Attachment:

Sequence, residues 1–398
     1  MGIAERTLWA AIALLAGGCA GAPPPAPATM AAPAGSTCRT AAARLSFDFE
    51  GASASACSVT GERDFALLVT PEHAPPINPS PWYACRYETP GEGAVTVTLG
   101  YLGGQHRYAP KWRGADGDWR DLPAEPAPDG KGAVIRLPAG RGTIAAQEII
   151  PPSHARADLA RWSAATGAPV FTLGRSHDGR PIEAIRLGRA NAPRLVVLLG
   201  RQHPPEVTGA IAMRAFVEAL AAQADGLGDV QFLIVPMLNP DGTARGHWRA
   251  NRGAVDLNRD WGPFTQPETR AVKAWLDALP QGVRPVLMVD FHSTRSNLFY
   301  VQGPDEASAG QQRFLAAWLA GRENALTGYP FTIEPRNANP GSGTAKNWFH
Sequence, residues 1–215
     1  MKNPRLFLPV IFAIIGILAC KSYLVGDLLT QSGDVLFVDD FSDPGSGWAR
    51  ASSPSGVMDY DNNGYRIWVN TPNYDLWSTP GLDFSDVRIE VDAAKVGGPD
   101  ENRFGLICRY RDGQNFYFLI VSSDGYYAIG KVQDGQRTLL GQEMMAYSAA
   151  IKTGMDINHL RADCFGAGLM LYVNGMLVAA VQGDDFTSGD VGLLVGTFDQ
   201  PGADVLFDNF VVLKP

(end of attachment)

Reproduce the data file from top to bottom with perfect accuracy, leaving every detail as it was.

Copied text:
Sequence, residues 1–398
     1  MGIAERTLWA AIALLAGGCA GAPPPAPATM AAPAGSTCRT AAARLSFDFE
    51  GASASACSVT GERDFALLVT PEHAPPINPS PWYACRYETP GEGAVTVTLG
   101  YLGGQHRYAP KWRGADGDWR DLPAEPAPDG KGAVIRLPAG RGTIAAQEII
   151  PPSHARADLA RWSAATGAPV FTLGRSHDGR PIEAIRLGRA NAPRLVVLLG
   201  RQHPPEVTGA IAMRAFVEAL AAQADGLGDV QFLIVPMLNP DGTARGHWRA
   251  NRGAVDLNRD WGPFTQPETR AVKAWLDALP QGVRPVLMVD FHSTRSNLFY
   301  VQGPDEASAG QQRFLAAWLA GRENALTGYP FTIEPRNANP GSGTAKNWFH
Sequence, residues 1–215
     1  MKNPRLFLPV IFAIIGILAC KSYLVGDLLT QSGDVLFVDD FSDPGSGWAR
    51  ASSPSGVMDY DNNGYRIWVN TPNYDLWSTP GLDFSDVRIE VDAAKVGGPD
   101  ENRFGLICRY RDGQNFYFLI VSSDGYYAIG KVQDGQRTLL GQEMMAYSAA
   151  IKTGMDINHL RADCFGAGLM LYVNGMLVAA VQGDDFTSGD VGLLVGTFDQ
   201  PGADVLFDNF VVLKP